The movie "Saving Private Ryan" is not your typical World War II movie. It is about the triumph of the United ... emotions of the audience but the scenes of war and the interactions and dialogue of the soldiers involved. From this movie we get ... S.troops on Omaha beach. The images of war on the beach are horrific as soldier after soldier is mowed down at the hands ...
Allied conquests and aims were depicted accurately in Saving Private Ryan. The aims of the first wave of soldiers were to take the beachhead , which they did (although with a heavier resistance than expected) . As soldiers finally made it across the beach, soldiers then began attacking German strong points . Saving Private Ryan remains consistent even to the point of having the “soldiers throwing themselves to the ground, glad to be rid of their heavy packs” . Parachutists were landed just before the ground invasion so that they could secure vital positions behind the beach landings. “The dark sky was filled with clouds of commandos, and their white parachutes were fixed in the sights of enemy guns” . Ryan himself was a parachutist with similar instructions to hold a bridge necessary for the allies to cross. The accurately developed aims and conquests of the allied army portrayed in Saving Private Ryan, paint a realistic impression of the events throughout the invasion of Normandy.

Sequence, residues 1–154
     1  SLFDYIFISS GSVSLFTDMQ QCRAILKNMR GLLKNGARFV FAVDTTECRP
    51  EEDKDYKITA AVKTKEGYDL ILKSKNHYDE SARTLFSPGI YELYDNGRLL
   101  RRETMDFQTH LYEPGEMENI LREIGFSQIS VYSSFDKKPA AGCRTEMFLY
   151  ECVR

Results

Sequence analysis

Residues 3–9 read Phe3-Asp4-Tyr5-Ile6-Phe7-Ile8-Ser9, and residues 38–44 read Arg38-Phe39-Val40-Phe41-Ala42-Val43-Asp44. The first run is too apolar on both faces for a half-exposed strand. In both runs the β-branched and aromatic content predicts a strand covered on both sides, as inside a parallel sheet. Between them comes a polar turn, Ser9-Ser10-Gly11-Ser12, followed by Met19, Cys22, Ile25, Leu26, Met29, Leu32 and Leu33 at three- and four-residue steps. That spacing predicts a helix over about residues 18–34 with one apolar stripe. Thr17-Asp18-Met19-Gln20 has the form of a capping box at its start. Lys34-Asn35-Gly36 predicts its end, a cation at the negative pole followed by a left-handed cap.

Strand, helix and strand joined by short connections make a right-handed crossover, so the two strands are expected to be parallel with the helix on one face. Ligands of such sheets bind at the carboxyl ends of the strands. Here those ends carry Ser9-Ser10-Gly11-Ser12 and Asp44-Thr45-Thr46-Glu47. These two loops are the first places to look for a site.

Saving Private Ryan, presents “a realistic depiction of the lives and deaths of G.I’s in the European theatre in World War II”, Yet, it also has a fictional story line. A small squad of American soldiers with a common ethnic mixture are set on a dangerous mission to find and bring home Private James Ryan whose three brothers have been killed in combat. The films story line may not be true, yet the situations and moral dilemmas brought about from it are. In one scene a soldier takes a child from their family upon their request and is told to return it by his captain. In another scene, a mutiny almost occurs as they question wether or not to kill a German POW. The final scene brings with it a certain truth that some war veterans carry with them. Having the responsibility of living a ‘good’ life and “earning” what others did for them (in terms of sacrifice).